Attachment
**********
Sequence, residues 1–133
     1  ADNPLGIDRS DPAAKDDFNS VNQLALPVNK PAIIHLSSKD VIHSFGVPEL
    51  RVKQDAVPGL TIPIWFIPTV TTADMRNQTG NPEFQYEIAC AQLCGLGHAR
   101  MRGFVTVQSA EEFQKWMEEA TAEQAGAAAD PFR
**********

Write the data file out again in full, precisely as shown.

Sequence, residues 1–133
     1  ADNPLGIDRS DPAAKDDFNS VNQLALPVNK PAIIHLSSKD VIHSFGVPEL
    51  RVKQDAVPGL TIPIWFIPTV TTADMRNQTG NPEFQYEIAC AQLCGLGHAR
   101  MRGFVTVQSA EEFQKWMEEA TAEQAGAAAD PFR